The wave file format is a widely supported format for storing digital audio. A wave file uses the Resource Interchange File Format (RIFF) file structure and hence data is organized in chunks as described below. Each chunk contains information about its type and size and can easily be skipped by software that does not understand the specific chunk type.
A wave file is organized as follows.
|Byte sequence description||Length in bytes||Starts at byte||Value|
|chunk ID||4||0x00||The ASCII character string "RIFF"|
|size||4||0x04||The size of the wave file (number of bytes) less 8 (less the size of the "chunk ID" and the "size")|
|RIFF type ID||4||0x08||The ASCII character string "WAVE"|
|wave chunks||various||0x0C||Various chunks in the wave file as described below|
All information is stored with the least significant byte first (little-endian). For example, if the 4-byte value for the average bytes per second in the format chunk is 88,200 = 0x00015888, this information will be stored with the following byte sequence.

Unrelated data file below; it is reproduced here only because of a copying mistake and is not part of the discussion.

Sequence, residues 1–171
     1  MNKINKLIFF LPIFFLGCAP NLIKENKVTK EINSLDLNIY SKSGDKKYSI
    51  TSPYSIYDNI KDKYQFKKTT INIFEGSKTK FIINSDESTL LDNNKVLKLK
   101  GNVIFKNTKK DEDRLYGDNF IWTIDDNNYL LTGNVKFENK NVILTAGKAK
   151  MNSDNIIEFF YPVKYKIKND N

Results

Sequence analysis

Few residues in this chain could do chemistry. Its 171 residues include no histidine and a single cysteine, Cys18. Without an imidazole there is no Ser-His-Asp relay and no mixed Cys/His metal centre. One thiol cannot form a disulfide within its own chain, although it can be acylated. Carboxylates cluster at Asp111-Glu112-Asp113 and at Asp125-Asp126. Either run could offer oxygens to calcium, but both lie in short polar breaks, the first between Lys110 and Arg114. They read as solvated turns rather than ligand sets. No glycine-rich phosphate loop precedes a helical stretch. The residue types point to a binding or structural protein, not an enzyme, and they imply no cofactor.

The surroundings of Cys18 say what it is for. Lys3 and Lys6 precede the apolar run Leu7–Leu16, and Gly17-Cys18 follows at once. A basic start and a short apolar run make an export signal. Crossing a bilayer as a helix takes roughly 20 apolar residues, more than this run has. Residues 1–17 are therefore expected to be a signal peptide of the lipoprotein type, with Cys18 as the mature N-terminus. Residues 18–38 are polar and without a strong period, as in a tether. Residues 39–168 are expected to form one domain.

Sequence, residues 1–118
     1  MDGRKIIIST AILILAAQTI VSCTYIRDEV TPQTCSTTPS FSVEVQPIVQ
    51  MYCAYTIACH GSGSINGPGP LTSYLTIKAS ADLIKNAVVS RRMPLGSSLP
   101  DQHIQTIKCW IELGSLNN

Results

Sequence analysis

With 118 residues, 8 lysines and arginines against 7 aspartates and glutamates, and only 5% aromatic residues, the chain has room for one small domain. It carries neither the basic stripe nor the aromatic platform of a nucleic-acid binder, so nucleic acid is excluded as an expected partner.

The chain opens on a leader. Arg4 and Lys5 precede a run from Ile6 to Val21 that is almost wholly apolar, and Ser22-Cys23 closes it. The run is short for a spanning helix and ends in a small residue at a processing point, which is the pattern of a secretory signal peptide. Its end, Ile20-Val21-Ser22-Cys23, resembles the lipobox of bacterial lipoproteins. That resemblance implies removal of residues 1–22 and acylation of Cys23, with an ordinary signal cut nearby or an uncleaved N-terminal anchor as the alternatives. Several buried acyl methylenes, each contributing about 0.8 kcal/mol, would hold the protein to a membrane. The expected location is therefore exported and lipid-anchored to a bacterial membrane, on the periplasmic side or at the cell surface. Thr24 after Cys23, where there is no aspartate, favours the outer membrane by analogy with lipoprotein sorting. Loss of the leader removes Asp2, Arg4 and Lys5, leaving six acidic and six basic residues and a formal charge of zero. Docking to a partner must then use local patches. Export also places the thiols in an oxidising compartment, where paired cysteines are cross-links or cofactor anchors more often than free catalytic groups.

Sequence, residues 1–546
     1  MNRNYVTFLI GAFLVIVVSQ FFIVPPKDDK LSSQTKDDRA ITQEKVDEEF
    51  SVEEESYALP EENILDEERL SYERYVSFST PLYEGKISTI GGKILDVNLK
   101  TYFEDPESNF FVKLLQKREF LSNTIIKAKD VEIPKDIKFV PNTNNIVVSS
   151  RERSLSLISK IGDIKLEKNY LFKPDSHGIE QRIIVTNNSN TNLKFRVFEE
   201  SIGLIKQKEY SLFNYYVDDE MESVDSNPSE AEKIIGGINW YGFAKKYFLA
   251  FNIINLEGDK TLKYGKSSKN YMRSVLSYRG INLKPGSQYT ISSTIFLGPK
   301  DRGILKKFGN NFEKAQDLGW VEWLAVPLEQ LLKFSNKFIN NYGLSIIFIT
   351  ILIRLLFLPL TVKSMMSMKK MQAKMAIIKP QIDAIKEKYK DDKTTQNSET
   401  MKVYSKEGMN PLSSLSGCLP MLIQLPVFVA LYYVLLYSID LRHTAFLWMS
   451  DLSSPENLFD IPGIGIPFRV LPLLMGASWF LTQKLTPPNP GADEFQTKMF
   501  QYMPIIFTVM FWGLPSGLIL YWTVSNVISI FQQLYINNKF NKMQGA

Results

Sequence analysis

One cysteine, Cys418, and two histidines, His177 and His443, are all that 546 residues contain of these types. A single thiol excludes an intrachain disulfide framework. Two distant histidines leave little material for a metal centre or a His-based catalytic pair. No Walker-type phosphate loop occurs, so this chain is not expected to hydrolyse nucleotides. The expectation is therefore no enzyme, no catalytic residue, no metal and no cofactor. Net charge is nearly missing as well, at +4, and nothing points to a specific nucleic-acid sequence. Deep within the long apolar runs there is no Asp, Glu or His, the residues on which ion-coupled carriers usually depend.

0x88 0x58 0x01 0x00
All information in a wave file must be word aligned (i.e., aligned at every two bytes). If a chunk has an odd number of bytes, then it will be padded with a zero byte, although this byte will not be counted in the size of the chunk.
A wave file would include at least the following chunks.
Other chunks that may exist in a wave file include the following.
Other RIFF chunks
Since the RIFF format is used for other types of files, such as AVI files, a RIFF file can contain types of chunks that are not relevant to the wave file format. For example, the junk and pad chunks are used to add random data to the file to, perhaps, align the file chunks on a 2K boundary. A software application does not have to recognize or use all chunk types and may ignore certain chunks.